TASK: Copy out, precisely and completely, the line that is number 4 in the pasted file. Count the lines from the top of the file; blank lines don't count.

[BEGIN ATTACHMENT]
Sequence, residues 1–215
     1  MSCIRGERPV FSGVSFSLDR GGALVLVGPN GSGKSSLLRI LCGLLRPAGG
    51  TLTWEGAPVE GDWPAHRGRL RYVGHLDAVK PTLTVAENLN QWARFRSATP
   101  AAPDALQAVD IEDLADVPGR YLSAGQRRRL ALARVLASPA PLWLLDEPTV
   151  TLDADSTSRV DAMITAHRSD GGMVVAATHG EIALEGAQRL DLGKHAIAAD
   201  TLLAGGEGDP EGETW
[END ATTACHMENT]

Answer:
   101  AAPDALQAVD IEDLADVPGR YLSAGQRRRL ALARVLASPA PLWLLDEPTV